And yet, sometimes effective social policies are enacted. To help understand how this happens, we spent some time looking at the creation of Social Security in 1935 and Medicare in 1965, two of the most effective, popular, and enduring pieces of social legislation in the twentieth century. The architects of both policies displayed a grasp of six building blocks of effective distributive politics. These are (i) assembling an effective coalition, which includes anticipating what the opposing coalitions will likely be; (ii) crafting effective proximate goals around which the coalition can be organized – goals that are both achievable but also way stations on a path to a better future; (iii) devising compelling moral narratives that can motivate supporters and hold coalitions together in the face of efforts to break them up before proximate goals are achieved; (iv) finding leaders who can both be strategically effective in moving toward the proximate goal and also articulate the moral narrative to motivate supporters to do what is needed to enact it (v); creating or finding the resources that will make the policy innovation feasible; and (vi) incorporating mechanisms to entrench proximate goals once they are achieved, so as to prevent future generations from reversing or undermining them.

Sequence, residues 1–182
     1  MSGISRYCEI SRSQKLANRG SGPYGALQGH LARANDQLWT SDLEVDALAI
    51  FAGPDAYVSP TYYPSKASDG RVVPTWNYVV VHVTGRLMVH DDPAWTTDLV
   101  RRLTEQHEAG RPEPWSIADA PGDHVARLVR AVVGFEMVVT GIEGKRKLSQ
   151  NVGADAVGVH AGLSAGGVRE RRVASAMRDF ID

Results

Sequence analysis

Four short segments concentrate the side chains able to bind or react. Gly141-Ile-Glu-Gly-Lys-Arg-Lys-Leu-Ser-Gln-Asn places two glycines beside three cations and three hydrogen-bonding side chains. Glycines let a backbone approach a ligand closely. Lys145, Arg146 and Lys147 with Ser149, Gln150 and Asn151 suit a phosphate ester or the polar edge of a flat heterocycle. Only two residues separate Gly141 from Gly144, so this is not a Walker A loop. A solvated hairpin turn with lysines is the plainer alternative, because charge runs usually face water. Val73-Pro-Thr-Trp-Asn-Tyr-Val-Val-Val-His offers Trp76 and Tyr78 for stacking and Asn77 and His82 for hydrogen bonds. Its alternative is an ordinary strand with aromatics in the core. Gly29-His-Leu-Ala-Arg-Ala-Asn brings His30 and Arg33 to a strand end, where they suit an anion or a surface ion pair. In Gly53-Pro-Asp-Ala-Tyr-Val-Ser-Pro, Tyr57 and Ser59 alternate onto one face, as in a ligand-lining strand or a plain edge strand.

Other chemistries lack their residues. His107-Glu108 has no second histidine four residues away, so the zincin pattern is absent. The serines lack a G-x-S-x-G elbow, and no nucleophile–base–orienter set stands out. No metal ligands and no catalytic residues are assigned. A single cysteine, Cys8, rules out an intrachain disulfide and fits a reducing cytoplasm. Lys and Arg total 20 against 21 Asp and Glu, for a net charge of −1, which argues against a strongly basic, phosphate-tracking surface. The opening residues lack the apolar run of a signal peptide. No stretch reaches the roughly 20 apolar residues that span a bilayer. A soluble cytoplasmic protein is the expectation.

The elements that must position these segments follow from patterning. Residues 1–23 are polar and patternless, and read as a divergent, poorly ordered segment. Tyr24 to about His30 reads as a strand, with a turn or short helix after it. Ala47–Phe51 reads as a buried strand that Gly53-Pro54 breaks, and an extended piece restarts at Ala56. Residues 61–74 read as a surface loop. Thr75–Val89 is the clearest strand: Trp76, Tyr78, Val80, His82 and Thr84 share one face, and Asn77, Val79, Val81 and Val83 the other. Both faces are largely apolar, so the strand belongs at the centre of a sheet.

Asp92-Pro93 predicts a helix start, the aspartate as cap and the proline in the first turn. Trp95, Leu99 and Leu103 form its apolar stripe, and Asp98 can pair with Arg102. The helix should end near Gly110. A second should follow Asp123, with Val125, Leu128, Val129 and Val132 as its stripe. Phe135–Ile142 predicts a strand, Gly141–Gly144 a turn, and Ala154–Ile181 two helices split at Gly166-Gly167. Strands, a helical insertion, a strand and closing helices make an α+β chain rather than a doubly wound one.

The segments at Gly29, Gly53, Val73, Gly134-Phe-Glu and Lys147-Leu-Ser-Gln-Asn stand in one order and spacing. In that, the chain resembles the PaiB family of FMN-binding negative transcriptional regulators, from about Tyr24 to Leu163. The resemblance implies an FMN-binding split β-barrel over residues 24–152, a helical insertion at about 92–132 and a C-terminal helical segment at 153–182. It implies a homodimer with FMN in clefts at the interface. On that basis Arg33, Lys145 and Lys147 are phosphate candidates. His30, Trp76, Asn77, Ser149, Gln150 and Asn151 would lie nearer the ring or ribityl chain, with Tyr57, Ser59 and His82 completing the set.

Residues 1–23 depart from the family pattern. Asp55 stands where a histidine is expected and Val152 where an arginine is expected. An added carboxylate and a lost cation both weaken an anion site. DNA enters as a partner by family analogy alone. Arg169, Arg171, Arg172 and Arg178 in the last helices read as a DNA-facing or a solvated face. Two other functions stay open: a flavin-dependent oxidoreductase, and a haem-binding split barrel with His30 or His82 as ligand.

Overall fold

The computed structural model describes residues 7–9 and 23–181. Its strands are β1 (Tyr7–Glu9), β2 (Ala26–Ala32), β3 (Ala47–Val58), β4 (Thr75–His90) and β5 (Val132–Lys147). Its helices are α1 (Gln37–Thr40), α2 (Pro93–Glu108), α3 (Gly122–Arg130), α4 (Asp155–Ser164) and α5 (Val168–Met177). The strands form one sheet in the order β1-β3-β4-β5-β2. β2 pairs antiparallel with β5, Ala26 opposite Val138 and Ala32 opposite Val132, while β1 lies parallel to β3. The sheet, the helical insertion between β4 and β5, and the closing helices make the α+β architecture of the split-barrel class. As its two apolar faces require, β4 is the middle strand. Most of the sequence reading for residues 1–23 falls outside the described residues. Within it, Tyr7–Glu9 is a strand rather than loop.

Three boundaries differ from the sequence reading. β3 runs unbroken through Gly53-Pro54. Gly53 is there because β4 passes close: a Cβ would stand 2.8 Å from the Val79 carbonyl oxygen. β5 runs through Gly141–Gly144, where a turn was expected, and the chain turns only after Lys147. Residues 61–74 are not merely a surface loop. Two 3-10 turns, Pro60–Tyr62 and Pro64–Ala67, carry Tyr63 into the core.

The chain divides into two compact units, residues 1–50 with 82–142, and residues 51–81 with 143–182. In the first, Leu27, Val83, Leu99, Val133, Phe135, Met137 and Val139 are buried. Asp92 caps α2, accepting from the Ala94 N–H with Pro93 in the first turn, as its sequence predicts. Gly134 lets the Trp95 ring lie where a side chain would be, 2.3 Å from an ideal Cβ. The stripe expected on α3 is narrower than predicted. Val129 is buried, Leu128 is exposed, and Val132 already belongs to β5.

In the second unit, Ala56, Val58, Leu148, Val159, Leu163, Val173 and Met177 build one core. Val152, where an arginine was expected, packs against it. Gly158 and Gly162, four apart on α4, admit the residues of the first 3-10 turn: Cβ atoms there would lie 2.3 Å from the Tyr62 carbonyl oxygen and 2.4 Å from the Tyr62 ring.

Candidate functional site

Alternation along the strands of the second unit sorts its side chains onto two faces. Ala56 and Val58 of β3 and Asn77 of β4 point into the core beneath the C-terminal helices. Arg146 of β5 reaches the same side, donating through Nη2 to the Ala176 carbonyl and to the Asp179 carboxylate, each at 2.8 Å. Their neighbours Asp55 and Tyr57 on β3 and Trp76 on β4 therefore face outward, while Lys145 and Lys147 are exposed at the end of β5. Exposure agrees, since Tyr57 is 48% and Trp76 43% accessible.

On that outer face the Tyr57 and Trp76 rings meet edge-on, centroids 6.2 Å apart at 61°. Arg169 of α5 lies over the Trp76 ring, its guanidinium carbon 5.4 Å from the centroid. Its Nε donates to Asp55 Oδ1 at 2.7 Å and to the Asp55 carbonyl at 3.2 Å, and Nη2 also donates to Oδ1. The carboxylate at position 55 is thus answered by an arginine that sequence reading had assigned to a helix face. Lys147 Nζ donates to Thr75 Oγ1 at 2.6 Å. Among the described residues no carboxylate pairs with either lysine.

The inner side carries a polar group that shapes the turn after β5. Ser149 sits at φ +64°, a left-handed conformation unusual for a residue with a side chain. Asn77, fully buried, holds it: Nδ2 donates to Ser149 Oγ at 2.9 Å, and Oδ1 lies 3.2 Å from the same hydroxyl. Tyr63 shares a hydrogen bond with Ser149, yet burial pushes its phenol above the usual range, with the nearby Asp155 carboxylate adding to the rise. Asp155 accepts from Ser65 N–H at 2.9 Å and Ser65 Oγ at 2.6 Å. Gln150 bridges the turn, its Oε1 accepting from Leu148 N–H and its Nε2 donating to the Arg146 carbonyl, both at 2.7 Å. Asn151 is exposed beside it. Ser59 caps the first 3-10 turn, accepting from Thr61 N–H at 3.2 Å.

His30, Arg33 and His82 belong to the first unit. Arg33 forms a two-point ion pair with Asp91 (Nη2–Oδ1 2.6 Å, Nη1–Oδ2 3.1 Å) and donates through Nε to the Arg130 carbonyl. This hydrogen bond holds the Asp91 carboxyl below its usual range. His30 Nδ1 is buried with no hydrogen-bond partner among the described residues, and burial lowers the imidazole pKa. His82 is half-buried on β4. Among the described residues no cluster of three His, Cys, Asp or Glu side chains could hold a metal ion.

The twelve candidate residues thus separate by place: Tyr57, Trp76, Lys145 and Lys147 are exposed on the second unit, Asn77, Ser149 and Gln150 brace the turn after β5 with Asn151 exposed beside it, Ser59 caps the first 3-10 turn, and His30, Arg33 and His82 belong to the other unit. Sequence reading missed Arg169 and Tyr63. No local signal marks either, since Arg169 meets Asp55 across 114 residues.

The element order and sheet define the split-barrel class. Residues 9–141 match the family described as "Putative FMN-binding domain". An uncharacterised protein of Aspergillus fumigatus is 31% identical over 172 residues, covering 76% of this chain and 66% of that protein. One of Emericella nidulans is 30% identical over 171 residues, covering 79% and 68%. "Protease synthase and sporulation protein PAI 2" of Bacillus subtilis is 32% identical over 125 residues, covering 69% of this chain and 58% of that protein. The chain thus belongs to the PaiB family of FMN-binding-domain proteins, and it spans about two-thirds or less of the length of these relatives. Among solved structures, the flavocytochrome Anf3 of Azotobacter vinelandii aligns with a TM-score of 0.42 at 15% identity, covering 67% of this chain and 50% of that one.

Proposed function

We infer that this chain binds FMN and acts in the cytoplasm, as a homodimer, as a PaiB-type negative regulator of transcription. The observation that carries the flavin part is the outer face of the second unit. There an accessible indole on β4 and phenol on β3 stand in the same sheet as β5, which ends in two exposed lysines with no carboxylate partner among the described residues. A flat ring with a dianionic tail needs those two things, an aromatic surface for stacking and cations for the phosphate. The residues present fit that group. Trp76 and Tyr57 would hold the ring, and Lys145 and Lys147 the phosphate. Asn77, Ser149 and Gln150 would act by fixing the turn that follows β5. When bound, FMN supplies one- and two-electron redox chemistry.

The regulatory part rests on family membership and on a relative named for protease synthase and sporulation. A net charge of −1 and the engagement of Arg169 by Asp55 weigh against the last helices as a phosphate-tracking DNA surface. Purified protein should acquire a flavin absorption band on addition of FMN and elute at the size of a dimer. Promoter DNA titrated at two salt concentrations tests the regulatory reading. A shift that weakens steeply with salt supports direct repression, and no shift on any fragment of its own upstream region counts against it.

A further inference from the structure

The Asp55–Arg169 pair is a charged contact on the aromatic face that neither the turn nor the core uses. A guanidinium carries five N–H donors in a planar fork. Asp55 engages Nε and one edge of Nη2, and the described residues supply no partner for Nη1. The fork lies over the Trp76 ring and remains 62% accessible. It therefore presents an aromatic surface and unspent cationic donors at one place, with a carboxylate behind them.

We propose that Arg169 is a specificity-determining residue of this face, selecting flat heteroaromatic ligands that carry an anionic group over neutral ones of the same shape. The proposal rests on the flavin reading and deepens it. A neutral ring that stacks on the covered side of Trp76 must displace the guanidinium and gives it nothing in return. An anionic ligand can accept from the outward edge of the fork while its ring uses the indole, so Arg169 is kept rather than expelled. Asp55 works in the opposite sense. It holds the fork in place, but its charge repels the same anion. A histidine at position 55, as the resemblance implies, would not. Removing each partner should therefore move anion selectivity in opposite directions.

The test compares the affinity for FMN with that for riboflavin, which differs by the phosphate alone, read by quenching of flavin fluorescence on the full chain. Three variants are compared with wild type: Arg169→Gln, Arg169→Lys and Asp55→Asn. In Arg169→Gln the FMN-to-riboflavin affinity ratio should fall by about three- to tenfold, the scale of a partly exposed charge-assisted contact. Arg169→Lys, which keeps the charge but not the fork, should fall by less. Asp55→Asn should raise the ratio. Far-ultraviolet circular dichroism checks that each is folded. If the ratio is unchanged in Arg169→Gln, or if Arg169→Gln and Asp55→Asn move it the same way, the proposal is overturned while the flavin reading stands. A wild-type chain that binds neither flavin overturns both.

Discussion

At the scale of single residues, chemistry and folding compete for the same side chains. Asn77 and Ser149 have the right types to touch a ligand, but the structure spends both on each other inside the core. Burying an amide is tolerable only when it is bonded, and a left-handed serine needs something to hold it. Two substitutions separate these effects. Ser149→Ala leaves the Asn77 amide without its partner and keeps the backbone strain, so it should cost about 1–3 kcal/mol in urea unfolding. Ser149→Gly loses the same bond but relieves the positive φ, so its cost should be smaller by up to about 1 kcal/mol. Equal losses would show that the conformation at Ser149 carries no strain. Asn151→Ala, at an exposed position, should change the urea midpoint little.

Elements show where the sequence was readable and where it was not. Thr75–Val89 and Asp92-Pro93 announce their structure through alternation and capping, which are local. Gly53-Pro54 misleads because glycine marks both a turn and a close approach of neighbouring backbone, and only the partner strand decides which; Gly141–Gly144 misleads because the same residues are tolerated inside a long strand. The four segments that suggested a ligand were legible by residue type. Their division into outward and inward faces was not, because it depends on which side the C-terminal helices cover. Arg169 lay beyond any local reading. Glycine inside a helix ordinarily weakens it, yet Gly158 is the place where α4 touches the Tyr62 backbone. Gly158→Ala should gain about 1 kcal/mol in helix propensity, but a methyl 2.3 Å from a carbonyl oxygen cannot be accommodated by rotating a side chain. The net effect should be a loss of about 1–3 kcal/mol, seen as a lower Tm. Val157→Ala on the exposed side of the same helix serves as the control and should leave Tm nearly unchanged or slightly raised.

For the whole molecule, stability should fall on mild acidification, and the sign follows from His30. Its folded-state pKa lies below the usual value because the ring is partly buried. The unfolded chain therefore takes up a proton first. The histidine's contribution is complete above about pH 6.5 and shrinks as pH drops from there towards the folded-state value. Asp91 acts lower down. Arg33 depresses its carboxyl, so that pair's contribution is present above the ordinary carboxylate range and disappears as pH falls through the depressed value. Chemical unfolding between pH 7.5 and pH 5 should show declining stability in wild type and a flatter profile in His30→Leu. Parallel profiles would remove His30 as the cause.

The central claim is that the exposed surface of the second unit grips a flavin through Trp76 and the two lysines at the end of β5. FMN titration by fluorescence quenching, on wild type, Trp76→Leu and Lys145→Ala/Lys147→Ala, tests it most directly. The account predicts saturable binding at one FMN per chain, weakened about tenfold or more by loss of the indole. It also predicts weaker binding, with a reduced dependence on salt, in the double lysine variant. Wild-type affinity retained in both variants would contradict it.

The units designed by the teachers fall into three groups. Some are designed to illuminate particular features of the political system. Eun Jung Kim’s unit deals with the history, evolution, and current condition of America’s political parties. Christina Marsett created a unit to teach students about the interaction between the Supreme Court and Congress by comparing the conservative court during the Reconstruction era with the progressive Warren era court of the 1950s and ’60s.

A second group of units deals with different aspects of the political system seen through the lens of a particular policy issue. Alexander de Arana examines the financial crisis of 2008; Christiona Hawkins studies the interaction between housing and education policy; and Hunter Najera’s unit focuses on the changing role of money in American politics.  

The third group of units explores efforts at policy reform by reference to the building block of effective distributive politics. Jennafer O’Neill’s focus is on improving public health; Jacqueline Travis studies the civil rights movement in the run up to the passage of the Civil Rights Act of 1964 and the Voting Rights act of 1965; Tiffany Robinson explores social mobility and the policies that affect it, Valerie Schwarz studies efforts to regulate the tobacco industry; and Christopher Fong’s unit centers on efforts currently underway to create a Universal Basic Income – a basic income grant that would be paid to all citizens regardless of work.

In one way or another, each of the units exemplifies the importance of thinking about policy and politics together in the service of realistic utopianism.